Nutrition requirements after sport and exercise will depend on the type of workout performed (e.g. resistance training or cardio training), the intensity of the workout and your overall goals. The aim of post-exercise nutrition is to promote optimum recovery between training and games and to maximise results. The three key principles of recovery nutrition are to:
- Refuel the muscle and liver glycogen (carbohydrate stores
- Rehydrate by replacing the fluid and electrolytes lost in sweat
- Repair muscle tissue and promote muscle adaptation
Refuelling after Sport and Exercise
After moderate and high intensity exercise (such as a football or netball match) your muscle glycogen (carbohydrate stores) will be depleted. If these glycogen stores are not replaced your performance during your next training will be compromised. The main dietary factor in post-exercise refueling is the amount of carbohydrate consumed. The amount you require will depend on the fuel cost of the workout you completed and the timing of your next session. If an intense workout is planned within the next 24 hours, consuming carbohydrate within the first hour of finishing the previous session is ideal for replacing glycogen stores. The meal or snack should provide 1-1.2 g of carbohydrate per kg body weight. See table below for snacks that include 50g carbohydrate as well as a protein source.
If your goal is weight loss, you can still aim to refuel glycogen stores before your next session; however it’s important that the post-exercise meal is considered as part of your overall energy (kilojoule or calorie) budget. You may wish to plan for one of your main meals or snacks to be consumed straight after your workout. This meal should provide a nutritious carbohydrate source along with other nutrients such as protein, vitamins and minerals.
Rehydrating after sport
After training or a game, replacing fluid plus electrolyte losses is important for optimal recovery. You continue to lose fluid through sweat and urine even after finishing your session, so you should aim to replace losses by 150%. In practice, this means if you are 1 kilogram lighter after your workout, you need to drink 1.5 litres over the next 2-6 hours (remember 1kg weight loss equals 1L fluid deficit).
If sweat rates were high, include a source of electrolytes to replace lost electrolytes and help the body re-hydrate more effectively. Sports drinks, milk and soup are all examples of electrolyte sources that can help with re-hydration after workouts. Remember that these also provide additional energy (kilojoules) and should be considered in your total energy budget.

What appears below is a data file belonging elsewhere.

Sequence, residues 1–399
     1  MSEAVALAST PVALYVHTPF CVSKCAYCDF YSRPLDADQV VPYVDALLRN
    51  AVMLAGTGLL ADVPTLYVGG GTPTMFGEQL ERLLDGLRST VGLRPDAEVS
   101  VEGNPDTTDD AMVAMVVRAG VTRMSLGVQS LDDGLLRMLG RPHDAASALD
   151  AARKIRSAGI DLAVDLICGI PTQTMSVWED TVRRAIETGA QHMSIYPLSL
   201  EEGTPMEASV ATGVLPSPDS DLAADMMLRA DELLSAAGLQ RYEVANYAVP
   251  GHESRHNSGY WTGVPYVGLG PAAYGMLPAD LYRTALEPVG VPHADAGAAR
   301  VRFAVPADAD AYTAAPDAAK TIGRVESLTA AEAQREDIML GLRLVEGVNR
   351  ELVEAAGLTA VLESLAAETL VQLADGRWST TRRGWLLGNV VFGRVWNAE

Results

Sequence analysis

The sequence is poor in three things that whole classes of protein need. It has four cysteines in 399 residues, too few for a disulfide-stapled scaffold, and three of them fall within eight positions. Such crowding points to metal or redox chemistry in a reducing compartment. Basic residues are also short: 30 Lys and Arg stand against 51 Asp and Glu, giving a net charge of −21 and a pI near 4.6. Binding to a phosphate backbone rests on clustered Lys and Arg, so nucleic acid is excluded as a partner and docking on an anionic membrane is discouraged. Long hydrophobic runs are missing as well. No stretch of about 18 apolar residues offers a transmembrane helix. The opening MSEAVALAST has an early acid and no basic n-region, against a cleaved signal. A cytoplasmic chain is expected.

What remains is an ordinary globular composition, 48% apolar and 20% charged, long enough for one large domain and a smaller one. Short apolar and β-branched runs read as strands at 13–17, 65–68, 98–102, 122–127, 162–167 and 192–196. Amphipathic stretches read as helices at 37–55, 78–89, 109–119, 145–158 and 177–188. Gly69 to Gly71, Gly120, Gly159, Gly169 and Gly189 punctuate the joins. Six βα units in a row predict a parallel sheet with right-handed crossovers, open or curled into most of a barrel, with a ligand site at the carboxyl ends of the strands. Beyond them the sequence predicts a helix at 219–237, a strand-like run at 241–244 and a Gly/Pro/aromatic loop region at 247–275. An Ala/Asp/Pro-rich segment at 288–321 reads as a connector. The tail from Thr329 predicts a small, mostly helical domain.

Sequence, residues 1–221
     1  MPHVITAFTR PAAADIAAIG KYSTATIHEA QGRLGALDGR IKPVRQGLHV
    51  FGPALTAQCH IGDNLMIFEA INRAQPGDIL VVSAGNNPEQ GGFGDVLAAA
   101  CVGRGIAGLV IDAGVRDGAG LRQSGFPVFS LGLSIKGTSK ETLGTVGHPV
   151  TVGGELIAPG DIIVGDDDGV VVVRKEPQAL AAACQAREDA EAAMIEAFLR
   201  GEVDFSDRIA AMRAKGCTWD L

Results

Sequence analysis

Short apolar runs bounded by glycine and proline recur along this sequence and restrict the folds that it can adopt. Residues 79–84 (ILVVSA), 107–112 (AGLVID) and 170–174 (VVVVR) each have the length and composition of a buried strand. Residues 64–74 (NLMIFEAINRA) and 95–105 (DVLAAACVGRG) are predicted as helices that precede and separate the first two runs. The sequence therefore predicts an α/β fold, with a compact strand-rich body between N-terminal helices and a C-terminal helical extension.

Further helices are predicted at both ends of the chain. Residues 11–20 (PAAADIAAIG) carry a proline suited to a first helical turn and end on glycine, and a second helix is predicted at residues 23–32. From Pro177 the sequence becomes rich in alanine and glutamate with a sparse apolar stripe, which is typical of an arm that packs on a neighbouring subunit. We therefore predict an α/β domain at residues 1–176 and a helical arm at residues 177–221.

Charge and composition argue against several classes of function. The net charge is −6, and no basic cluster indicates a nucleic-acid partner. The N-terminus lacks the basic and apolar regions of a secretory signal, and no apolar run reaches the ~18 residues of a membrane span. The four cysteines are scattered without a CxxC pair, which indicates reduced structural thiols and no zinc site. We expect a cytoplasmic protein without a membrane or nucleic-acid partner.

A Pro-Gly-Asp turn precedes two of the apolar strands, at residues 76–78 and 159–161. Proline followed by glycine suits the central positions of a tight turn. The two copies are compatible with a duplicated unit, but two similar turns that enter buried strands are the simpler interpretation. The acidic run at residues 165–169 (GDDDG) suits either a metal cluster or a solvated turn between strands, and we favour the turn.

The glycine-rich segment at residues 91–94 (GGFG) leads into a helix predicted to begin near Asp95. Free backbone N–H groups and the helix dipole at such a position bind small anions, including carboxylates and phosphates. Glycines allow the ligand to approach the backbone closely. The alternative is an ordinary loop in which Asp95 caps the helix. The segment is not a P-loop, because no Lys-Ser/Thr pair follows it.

Muscle repair after sport
High-intensity or strength-based training sessions result in the breakdown of muscle tissue. Taking in protein after a workout provides the amino acid building blocks needed to repair muscle fibres that get damaged during exercise and to promote the development of new muscle tissue. Although protein requirements vary between individuals, consuming 15 - 25 grams of protein within 30 minutes after exercise can help maximise the muscle rebuilding and repair process. Consuming protein after this ‘window of opportunity’ will still promote the muscle rebuilding and repair process, though the rate at which it occurs is less.
Adding a source of carbohydrate to this post-exercise meal or snack will further enhance recovery by reducing the degree of muscle protein breakdown. Carbohydrate intake helps stimulate the muscle to take up the amino acids. A protein-carbohydrate snack or meal after exercise is useful not only for muscle repair and adaptation to training, but to provide meet the goals of refueling muscle glycogen stores. The table below provides a list of carbohydrate rich snacks that also provide a protein source.
Nutritious carbohydrate and protein recovery snacks
- 1 bread roll with cheese/meat filling + large banana
- 300g fruit salad with 200g flavoured yoghurt
- 300g creamed rice
- 250-300ml milk shake or fruit smoothie
- 600ml low fat flavoured milk
- 1 large bowl (2 cups) breakfast cereal with milk
- 2 small cereal bars + 200g flavoured yoghurt
- 220g baked beans on 2 slices of toast
- 2 crumpets with thick spread peanut butter + 250ml glass of milk
- 300g (large) baked potato + cottage cheese filling + glass of milk